A comparison of the soiling behavior of dacron-and-cotton fabrics with those of similarly constructed all-cotton fabrics

UNCG Author/Contributor (non-UNCG co-authors, if there are any, appear on document)
Frances Barnett Buchanan (Creator)
The University of North Carolina at Greensboro (UNCG )
Web Site: http://library.uncg.edu/
Pauline Keeney

Abstract: The trend toward increased consumption of Dacron fibers has been influenced by the interest in the use of Dacron and cotton blends for apparel. The well known qualities of cotton blend with those of Dacron to form fabrics with consumer appeal in a variety of textures. There is also consumer appeal in those properties which contribute to the serviceability of the fabrics; particularly to those properties which contribute to their use in "wash and wear" apparel. Cotton is noted for its response to moisture. Physically it is highly hydroscopic. It absorbs and releases large quantities of water.1 Chemically speaking, except for impurities, cotton is pure cellulose. Cotton is a hydrophylic fiber because of the many exposed (OH) groups in it. Many of these groups swell as much as 1|0 per cent in volume upon immersion in water and practically all the increase occurs in the cross section of the cotton fiber. It is doubtful that solid soil greater than submicroscopic size can penetrate the interior deeply.2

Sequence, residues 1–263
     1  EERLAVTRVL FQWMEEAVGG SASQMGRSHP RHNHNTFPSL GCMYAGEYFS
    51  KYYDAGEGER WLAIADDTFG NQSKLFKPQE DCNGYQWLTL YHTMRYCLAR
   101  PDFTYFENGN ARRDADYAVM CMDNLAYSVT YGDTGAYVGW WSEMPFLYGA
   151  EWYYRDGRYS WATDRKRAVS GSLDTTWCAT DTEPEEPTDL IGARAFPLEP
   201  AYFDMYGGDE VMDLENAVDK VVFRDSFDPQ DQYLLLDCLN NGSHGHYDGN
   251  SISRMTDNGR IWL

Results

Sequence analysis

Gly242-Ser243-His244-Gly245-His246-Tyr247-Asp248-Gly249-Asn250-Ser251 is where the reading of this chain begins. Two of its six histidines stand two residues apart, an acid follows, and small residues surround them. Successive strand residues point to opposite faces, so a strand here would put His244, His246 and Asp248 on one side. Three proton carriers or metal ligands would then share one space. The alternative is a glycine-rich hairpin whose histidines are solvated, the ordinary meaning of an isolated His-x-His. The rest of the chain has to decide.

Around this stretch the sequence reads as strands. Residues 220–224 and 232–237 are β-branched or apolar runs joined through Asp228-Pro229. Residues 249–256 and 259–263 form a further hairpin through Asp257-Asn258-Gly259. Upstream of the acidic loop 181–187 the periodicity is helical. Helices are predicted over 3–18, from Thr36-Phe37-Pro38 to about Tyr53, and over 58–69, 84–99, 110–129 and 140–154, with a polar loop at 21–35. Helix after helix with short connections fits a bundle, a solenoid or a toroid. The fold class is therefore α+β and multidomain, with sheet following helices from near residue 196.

Additional Information

Language: English
Date: 1958
Textile fabrics $x Evaluation
Cotton $x Cleaning
Dacron $x Cleaning

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